Why meditation won't make you happy

You know it's going to be good when someone looks right into your eyes and shouts, "How is meditation going to make me happy when nothing in my life is going right?"

She had a point.

As a recent immigrant from Russia, she's not yet allowed to get work. Without meaning and purpose, how can she be happy? 

She's stuck in the unknown ... and nobody likes to be there.

She'd been happy (really happy actually) everyday when she was doing the work she loved.

Not currently working her dream job, I asked her if she's happy now.

She said no.

Her happiness was based on an external happening, one which was temporary and changeable.

She went on to say that she's sure that if someone wanted to, for instance, be the president of the United States more than anything in the world — they CAN'T be happy unless that happens.

Her sharp scrutiny of meditation was amazing. I think she's right to directly question into it's promised outcomes for her life.

Because here's the thing: Meditation wont make her happy either.

It wont make me happy, or you either.

We discussed back and forth about how meditation teaches how to change your mind, which really helps.

Unbreakable happiness starts there.

There's an ancient word for this phenomenon, it's vairāgya.

Vairāgya is commonly referred to as "non attachment," you've heard that phrase. 

Non-attachment drove me nuts for years because we can't NOT be attached to family, work, or a lover!

A couple of years ago, I was taught what it really means. 

Here's what I learned. 

"Non-attachment" means you don't give objects of the world (people included) ... you don't give those things a value that is not their actual value.

For instance, a balloon is: a play thing. As an adult, you attach the right value to it.

But the toddler attaches the wrong value to the balloon. The little boy attaches his own happiness to that balloon. And when the balloon is lost, so the happiness is lost.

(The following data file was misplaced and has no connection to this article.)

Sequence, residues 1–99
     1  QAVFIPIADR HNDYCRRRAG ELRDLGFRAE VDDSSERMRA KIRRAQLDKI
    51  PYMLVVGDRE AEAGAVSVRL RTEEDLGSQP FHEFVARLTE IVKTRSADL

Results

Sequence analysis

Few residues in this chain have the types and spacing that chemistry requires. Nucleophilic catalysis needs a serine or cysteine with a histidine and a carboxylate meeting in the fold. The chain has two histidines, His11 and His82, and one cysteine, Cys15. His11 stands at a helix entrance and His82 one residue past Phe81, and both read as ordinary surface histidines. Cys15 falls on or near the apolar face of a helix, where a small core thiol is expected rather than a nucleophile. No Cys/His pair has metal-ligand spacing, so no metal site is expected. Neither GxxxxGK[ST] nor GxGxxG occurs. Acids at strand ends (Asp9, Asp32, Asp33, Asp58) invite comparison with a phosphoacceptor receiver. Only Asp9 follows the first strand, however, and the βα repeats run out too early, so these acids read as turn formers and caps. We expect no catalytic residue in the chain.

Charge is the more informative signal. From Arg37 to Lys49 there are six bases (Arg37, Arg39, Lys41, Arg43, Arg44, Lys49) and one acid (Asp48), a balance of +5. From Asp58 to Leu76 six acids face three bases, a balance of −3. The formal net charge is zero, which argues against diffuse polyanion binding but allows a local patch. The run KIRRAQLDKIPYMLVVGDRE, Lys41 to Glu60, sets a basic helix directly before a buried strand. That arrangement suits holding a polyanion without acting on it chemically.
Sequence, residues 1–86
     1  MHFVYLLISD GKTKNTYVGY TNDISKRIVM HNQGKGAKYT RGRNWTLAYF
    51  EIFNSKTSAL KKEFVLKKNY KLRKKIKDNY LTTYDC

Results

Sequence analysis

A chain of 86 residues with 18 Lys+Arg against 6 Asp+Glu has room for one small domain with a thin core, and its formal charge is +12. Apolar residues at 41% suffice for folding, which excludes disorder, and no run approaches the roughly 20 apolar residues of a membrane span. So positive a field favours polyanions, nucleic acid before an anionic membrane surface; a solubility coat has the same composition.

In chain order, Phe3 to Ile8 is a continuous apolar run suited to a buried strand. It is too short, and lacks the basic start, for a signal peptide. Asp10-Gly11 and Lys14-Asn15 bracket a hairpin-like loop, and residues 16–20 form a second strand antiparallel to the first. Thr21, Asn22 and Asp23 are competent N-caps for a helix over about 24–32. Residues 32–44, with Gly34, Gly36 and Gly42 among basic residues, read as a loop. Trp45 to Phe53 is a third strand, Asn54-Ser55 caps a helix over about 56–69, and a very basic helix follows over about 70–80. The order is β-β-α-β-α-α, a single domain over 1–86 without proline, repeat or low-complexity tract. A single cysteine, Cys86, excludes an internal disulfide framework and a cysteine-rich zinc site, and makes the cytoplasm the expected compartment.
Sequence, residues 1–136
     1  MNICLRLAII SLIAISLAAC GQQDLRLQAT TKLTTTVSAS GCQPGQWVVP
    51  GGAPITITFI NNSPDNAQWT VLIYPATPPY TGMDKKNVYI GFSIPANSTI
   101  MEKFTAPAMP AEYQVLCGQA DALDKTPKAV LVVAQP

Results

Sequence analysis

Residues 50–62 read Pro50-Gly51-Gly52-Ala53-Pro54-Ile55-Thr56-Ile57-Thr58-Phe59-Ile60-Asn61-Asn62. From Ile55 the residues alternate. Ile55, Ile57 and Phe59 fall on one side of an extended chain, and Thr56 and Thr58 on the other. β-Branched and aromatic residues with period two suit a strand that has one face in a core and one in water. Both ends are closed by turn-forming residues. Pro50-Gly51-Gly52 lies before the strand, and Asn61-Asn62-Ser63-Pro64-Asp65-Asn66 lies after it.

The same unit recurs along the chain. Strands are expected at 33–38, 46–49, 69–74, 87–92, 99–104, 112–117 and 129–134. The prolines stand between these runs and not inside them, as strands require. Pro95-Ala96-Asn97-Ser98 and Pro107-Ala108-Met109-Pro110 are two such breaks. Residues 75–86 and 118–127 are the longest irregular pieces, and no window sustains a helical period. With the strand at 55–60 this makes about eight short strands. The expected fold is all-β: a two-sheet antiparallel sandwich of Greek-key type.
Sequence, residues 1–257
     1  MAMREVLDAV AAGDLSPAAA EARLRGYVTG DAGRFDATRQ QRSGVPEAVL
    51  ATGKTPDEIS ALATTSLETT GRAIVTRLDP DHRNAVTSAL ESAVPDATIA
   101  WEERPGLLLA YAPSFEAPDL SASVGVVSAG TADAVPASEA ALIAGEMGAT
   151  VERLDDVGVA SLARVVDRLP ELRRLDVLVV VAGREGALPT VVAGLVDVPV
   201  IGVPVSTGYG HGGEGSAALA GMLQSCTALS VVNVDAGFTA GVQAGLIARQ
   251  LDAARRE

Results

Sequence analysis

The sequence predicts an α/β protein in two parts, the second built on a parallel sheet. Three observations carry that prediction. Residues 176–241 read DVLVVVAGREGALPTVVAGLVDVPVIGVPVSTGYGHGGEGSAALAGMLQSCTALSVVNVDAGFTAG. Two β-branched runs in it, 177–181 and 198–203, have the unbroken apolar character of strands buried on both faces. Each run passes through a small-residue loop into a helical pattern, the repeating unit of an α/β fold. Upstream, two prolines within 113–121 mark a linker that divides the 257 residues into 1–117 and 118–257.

We've all seen one of those melt-downs.

I want you to hear this: we adults do this all the time in our lives.

No matter how great the value, no object/person/job can give unchangeable happiness.

The vairāgya attitude is the attitude of the adult playing with the balloon, the right value attached to it: a plaything.

With this attitude, you can engage with the world and have fun with it! In the same way that the adult can engage with the balloon game and have fun with it. You can even appreciate when the balloon floats away, there's a beauty in that too.

Think of a prayer. 

One where you're not making a specific request. Instead, your focusing on trusting in the order of things. There's true happiness in that surrender.

It seems ironic, I know. But you still do all the things in the world, everything that you can! 

But with a blissful sense of faith and peace.


Does this conflict with your idea of happiness?

Are you attaching your full happiness to anything in your life?

And please feel free to share some ways you get in touch with a sense of lasting happiness!